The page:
Chess is described as a ‘board’ game, but let’s ask a crazy question, “Is chess really a board game?”. This question seems crazy to a beginner, but this is a valid question for an amateur or a professional player. It is unjust to limit chess as a ‘board’ game. It is a ‘mind’ game that can even be played without a board. *Wait! What??* Yes, you heard that right. Chess can be played without a board. But how is that possible? This is made possible by what we call **chess notation**.

Chess notation is a **way of recording the moves** in a chess game or the **position of pieces **on a chessboard. The two most common chess notations are **descriptive notation** and **algebraic notation**. The descriptive notation was used until about 1980 and was replaced by the superior algebraic notation. The algebraic notation, being more concise, is now the only notation recognized by **FIDE**, the World Chess Federation. Hence let’s take a look at the algebraic notation.

## The Basic Notation

The algebraic notation is based on a system of coordinates to uniquely identify each square on the chessboard. Before discussing this, let’s understand two basic terminologies in chess: files and ranks. The columns on a chessboard are called files, and the rows on a chessboard are called ranks. There are eight columns on a chessboard, meaning there are eight files. There are eight rows on a chessboard, meaning there are eight ranks. Each file and rank is assigned a separate coordinate as given below.

Diagram-1 indicates the files on the chessboard. From left to right, the highlighted files are the a-file, b-file, c-file, f-file, and h-file (we denote the files using the letters indicated below the chessboard).

**Note: T**he letters used to denote the files are lowercase letters.

Diagram-2 indicates the ranks on the chessboard. From bottom to top, the highlighted ranks are the 1st rank, 2nd rank, 3rd rank, 6th rank, and 8th rank (we denote the ranks using the numbers indicated on the left of the chessboard).

Now let’s find out how this will help us with the notation.

In diagram-3, the square highlighted is on the b-file as well as on the 3rd rank. Also, this is the only square that belongs to the b-file as well as the 3rd rank. This shows that each square on the chessboard can be uniquely identified with the help of the files and ranks. This is the basic idea of the notation. The highlighted square in diagram-3 is b3 (since it is a square on the b-file and the 3rd rank).

Note: While naming a square, the file name should be mentioned first, followed by the rank name.

Diagram-4 shows the chessboard with the notation for each square.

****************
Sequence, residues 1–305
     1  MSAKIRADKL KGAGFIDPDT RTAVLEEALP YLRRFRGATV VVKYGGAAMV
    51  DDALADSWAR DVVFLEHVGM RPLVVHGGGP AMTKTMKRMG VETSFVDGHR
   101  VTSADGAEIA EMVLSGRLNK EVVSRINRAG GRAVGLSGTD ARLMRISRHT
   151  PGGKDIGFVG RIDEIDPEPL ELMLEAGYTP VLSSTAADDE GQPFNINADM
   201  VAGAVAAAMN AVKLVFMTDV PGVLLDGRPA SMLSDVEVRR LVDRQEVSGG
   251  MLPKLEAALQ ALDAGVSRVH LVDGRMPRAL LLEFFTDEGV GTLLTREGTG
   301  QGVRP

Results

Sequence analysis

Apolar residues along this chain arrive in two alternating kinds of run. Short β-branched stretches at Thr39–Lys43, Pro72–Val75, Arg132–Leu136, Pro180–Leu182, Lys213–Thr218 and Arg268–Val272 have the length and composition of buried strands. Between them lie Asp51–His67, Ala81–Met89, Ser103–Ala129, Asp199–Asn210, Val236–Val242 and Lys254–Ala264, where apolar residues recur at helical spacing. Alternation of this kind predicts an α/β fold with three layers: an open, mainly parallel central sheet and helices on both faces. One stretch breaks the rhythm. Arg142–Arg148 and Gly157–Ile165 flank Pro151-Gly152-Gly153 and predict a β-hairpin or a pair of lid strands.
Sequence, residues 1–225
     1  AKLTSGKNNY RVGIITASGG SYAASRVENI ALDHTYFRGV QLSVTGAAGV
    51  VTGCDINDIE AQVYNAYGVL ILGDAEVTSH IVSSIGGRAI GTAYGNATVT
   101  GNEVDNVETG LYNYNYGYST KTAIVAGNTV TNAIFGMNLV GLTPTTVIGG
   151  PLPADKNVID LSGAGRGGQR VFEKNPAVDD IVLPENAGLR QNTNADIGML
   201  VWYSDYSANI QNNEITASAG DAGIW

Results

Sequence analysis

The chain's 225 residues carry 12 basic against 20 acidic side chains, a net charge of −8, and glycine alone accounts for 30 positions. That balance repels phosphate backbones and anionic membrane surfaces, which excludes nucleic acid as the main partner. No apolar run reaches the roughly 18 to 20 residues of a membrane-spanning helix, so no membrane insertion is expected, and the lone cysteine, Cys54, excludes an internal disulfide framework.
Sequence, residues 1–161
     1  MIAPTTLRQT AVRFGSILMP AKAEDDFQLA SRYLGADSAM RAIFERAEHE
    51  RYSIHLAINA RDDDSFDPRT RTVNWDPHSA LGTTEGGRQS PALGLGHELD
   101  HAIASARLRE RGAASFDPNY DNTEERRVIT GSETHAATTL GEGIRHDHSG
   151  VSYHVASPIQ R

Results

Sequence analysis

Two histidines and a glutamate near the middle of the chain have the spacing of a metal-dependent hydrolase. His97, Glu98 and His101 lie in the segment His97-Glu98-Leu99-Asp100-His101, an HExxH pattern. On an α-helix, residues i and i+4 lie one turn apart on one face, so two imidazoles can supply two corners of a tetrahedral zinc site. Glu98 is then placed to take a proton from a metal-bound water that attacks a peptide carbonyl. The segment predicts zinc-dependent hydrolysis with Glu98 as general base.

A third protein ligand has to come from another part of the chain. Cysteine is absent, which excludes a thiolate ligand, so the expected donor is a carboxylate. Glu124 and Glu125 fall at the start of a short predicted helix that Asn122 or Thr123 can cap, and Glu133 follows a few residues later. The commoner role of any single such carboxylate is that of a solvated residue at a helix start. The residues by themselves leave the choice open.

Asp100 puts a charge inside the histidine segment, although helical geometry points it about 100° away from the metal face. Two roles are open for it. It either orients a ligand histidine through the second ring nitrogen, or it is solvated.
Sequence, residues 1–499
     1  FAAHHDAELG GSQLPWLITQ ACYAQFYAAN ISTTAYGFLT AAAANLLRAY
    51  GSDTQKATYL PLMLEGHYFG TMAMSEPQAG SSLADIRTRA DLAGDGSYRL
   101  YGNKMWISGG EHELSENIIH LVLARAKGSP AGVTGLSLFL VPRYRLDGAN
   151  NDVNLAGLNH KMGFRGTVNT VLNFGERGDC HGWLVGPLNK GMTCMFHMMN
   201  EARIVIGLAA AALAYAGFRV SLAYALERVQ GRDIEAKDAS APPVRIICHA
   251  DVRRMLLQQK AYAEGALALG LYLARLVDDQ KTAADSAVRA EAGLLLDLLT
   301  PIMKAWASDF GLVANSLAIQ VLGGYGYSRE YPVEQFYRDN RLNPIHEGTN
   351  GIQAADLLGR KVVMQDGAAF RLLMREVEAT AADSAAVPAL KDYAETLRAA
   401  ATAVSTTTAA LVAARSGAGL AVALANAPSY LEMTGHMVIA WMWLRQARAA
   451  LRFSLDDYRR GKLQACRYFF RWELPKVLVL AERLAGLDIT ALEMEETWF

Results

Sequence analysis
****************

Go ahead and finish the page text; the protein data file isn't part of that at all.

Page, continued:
As we’ve learned how to write the basic notations, let’s move on to our main goal: learn how to record the moves. But before that, we need to learn a few symbols as well.

## Chess notation symbols

Each piece is assigned a specific symbol which is helpful when writing the notation. The Symbols used to represent the pieces are as follows:

**Note: **Note that the symbol for each piece is the first letter of that piece, except for the knight, whose symbol is ‘N’ (This is because the king is assigned the symbol ‘K’).

There are a few more standard symbols that you should be familiar with. They are:

Now that we’ve all the required knowledge to write notations let’s study how to write the algebraic notation.

## The Algebraic Notation

As we have discussed before, algebraic notation is very concise and easy to learn. Let’s discuss the rules for writing the notation first, which will then be followed by several examples to help understand it better. For the sake of explanation, we will divide the rules into two parts:

1. Rules to notate piece moves

2. Rules to notate pawn moves.

### Notation rules for the piece moves

- The symbol for the piece moved comes first.
- The symbol for capture comes second (If the move is a capture, otherwise, it can be omitted).
- The notation of the square to which the piece moved/captured comes third.
- The symbol for check/checkmate comes last (If the move is a check/checkmate, otherwise it can be omitted).

**Note:** If two similar pieces can move to the same square, then it is necessary to specify the file/rank (whichever differentiates the position of the moved piece from the other) of the moved piece. Also, this should be written in the second position of the notation, just after the symbol of the moved piece.

### Notation rules for the pawn moves

**Normal move**

a. Unlike pieces, the pawn doesn’t have a symbol. Hence, a pawn move is denoted by the square to which it moves.

b. The symbol for check/checkmate comes next (If the move is a check/checkmate, otherwise, it can be omitted).**Capture by a pawn**

a. The file on which the pawn was before capturing comes first.

b. This is followed by the symbol for capture.

c. The square to which the pawn captured comes next.

d. The symbol for check/checkmate comes next (If the move is a check/checkmate, otherwise it can be omitted).**Pawn Promotion moves**

a. The pawn move/capture, described by rule-1(A)/rule-2(A, B, C), comes first.